I lived in a downtown area for 20 years. I worked across the street from a Catholic shelter/soup kitchen and lived across the street from a non-denominational women's and children's shelter. In the first few years, I used to often be approached for "spare change" for bus fare or food. I started carrying around bus tokens and gift certificates for food at some of the local eateries downtown. The most common response when I gave them out -- "Don't you have any money?" Only twice did I ever get thanked for a bus token. And one of them almost died in front of me. After the first few years, the "regulars" stopped asking me, because they didn't really want bus fare or food.

    The grocery store downtown was expensive on most items. I sometimes got one or two of the more reasonably priced items there because it was conveniently located halfway between my workplace and my home. But I often saw people using EBT cards to buy $40 to $60 worth of groceries. With a 30-minute round-trip ride on a bus for $1, those same groceries could have been had for half that. That's what *I* did when I needed to get more than just an item or two -- because I haven't owned a car since 1984.

    I only worked 20 hours per week as well. One reason -- because anything I earned above that had a marginal tax rate of nearly 40-50% and to me it just wasn't worth the effort. Even at 20 hours per week, I put the equivalent of about 70% of my net income into savings each month. But many of my full-time co-workers had difficulties making ends meet.

    That job was the ONLY non-minimum wage job I ever held. When I got my BS degree, I was planning to pay my own way through graduate school on two minimum wage jobs. And I worked during college to pay for my own room and board during my undergraduate years. I recall a friend of mine telling me he was a little embarassed about his son, because he and the son had gone to McDonald's and the son had said something to the effect that anyone that worked a minimum wage job was a loser -- but his son wasn't qualified for anything other than a minimum wage job himself. And my friend had worked some of the same minimum jobs I had had.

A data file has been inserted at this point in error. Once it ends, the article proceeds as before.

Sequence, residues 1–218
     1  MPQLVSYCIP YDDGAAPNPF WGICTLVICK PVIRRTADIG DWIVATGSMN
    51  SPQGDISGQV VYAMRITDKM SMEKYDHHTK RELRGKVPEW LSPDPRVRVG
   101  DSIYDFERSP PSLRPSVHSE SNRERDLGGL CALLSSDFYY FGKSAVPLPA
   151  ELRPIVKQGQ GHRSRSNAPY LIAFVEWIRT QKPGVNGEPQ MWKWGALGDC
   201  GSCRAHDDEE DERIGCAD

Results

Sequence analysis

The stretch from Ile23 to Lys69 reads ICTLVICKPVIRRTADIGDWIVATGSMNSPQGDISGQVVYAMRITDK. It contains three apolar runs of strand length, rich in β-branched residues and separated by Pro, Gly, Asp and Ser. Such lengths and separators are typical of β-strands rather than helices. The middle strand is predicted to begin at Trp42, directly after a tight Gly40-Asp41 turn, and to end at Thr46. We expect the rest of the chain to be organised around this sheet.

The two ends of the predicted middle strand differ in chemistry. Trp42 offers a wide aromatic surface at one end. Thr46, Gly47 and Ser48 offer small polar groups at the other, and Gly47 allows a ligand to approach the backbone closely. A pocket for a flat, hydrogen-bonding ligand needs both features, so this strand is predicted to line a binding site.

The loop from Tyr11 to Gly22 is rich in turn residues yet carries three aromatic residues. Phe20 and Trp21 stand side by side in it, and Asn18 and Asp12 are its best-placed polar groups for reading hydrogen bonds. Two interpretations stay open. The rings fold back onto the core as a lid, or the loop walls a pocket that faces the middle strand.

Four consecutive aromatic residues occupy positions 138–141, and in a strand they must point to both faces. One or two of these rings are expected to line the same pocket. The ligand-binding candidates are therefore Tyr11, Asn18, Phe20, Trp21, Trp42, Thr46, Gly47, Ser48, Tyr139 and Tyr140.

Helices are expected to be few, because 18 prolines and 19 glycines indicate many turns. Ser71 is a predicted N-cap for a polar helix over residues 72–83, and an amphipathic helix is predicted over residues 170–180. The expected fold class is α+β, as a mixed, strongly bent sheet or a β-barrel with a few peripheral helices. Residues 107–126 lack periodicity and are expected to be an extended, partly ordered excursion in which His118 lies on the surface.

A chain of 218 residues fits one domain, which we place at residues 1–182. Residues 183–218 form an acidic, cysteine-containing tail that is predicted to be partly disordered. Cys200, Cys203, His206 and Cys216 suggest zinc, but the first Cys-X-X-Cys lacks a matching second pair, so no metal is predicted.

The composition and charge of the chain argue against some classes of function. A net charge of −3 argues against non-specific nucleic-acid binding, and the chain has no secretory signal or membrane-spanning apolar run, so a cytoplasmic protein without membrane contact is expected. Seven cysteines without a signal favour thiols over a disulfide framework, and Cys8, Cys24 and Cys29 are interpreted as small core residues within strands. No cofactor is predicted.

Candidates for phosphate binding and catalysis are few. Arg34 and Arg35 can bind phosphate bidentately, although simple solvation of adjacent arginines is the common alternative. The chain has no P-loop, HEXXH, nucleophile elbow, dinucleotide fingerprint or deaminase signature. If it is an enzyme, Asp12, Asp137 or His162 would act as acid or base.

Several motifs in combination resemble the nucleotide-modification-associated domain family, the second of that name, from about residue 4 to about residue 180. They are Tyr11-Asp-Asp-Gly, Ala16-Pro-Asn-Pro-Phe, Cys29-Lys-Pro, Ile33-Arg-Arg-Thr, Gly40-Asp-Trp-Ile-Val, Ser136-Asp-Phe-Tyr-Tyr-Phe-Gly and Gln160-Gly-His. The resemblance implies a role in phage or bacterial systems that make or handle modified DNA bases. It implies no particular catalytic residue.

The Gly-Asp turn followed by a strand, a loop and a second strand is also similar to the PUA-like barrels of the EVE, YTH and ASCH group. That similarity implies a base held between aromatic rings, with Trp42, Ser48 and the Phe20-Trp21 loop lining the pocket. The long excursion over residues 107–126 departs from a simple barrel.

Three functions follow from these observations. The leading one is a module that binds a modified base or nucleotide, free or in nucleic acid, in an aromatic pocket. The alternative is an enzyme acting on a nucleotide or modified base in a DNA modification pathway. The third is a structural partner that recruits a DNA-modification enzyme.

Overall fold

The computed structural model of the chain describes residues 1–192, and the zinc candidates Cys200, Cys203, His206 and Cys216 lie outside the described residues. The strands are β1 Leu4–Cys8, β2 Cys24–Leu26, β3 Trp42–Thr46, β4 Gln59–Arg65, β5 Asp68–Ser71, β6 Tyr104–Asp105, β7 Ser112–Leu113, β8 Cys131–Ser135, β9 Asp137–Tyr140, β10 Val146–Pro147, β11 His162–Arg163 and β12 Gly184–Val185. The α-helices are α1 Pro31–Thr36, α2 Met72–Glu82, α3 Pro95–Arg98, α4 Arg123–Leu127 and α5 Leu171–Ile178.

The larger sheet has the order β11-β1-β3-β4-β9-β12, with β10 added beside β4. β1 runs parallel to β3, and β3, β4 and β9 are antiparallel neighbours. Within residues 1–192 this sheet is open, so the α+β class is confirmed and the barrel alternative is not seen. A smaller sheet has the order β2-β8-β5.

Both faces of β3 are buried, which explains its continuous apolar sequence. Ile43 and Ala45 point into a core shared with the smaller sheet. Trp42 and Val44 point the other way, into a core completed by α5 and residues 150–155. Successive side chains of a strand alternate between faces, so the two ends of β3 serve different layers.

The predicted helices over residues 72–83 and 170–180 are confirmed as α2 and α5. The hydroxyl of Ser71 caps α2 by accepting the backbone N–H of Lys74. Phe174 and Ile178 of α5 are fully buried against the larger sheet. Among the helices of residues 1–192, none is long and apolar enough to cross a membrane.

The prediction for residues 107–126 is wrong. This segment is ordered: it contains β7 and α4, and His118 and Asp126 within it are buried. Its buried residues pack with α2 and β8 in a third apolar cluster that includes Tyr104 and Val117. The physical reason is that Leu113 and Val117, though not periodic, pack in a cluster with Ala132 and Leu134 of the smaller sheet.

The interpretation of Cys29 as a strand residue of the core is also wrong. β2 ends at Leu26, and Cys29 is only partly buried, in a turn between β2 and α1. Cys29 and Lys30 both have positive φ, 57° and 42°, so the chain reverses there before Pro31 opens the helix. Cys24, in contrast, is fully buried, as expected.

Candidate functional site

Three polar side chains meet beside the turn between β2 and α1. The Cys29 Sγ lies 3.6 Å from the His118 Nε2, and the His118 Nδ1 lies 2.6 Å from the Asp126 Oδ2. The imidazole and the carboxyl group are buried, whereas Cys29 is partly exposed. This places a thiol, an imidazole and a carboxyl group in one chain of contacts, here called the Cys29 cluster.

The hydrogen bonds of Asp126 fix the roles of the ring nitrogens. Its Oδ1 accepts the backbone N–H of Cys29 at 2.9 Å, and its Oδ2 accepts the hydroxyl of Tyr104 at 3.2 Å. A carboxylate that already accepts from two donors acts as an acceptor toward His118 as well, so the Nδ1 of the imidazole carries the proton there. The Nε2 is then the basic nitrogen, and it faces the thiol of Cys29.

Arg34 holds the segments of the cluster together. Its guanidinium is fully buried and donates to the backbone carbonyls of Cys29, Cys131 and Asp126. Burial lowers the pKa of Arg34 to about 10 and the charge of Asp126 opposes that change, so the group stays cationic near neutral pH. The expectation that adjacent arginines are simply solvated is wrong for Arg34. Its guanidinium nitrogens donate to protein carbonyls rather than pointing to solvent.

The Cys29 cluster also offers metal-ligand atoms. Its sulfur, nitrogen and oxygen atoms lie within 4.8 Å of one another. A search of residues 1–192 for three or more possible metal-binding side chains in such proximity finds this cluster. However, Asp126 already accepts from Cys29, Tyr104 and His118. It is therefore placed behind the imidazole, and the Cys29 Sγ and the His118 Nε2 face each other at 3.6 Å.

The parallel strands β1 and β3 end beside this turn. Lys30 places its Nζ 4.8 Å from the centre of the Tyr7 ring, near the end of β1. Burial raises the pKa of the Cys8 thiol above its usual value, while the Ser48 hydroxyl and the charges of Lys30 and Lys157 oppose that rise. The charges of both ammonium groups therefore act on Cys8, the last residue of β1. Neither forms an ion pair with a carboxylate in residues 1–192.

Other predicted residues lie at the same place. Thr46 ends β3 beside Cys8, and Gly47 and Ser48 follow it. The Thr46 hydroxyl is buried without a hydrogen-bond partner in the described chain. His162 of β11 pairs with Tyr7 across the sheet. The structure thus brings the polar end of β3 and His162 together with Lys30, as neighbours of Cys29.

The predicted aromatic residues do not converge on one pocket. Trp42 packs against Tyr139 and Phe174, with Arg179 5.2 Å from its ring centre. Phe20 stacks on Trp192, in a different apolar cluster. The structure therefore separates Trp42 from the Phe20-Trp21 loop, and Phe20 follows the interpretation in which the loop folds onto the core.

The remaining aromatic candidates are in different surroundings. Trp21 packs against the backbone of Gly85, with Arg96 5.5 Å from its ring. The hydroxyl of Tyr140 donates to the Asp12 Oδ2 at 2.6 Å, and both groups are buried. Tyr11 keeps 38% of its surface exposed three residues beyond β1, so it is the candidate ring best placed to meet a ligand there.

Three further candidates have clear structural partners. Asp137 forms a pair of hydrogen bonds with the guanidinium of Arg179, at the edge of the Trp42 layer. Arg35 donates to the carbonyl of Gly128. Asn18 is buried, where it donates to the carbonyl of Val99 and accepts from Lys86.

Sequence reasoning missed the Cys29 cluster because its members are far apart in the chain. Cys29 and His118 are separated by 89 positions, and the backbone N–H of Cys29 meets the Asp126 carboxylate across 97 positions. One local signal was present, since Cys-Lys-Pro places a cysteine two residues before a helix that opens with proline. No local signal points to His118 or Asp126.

I find it outrageous that people that work 60-80 hours per week, or that go to school for an MBA in addition to a full-time job, are subject to so much taxation. We shouldn't be penalizing them for such hard work and trying to better their lives. Why is anyone else deserving of their efforts?

  3. Jim says:

    Tom and Tony,

    I try not to be judgmental, but at times it's difficult. Tom, I applaud your comments. I find it a bit gulling to hear some much about us being a Christian nation, but it is in name only. There is a world of difference between BEING a Christian and CALLING oneself a Christian. Jesus said to "love your neighbor", "love your enemies", "turn the other cheek", "forgive 70 times 7", "love those who hate you", etc. He preached the Beatitudes "Blessed are the poor in spirit." And in Mathew, chapter 25, he laid out the guideline for entering heaven: "When I was hungry, you gave me to eat. When I was thirsty, you gave me to drink. When I was homeless, you sheltered me." You can read the rest for yourself. But what a hypocritical nation we are. But we are not alone. Even in his day, Jesus called the Pharisees and Saducees "Whitened sepulchures!" for being such hypocrites. And like the poor, I guess we will always have them with us.

  4. However, my points are:

    * The welfare system is a safety net and should be used for the desperate (like
    today's unemployed) or used temporarily.

    * Examples abound.
    We have several generations of teenage mothers collecting welfare. If the
    welfare is not that generous, would they repeat this cycle?

    Again, if we would lose our free health care if we don't work, would we look for
    a job?

    US has become a big spender and spending is the root of the problem and not the
    solution. We need to use a percentage of a GDP for welfare, health care...

    Taxing the rich alone is discouraging folks to work hard and take chances.
    Eventually we will kill the geese that lay the golden eggs as they can move else
    where - I cannot as I am not in the league with the rich.

    I'm in the middle class. The spending will cost this class a lot. Our children
    have to pay for what we're spending. 3 years later I bet we will have more taxes
    and high inflation (a kind of invisible tax).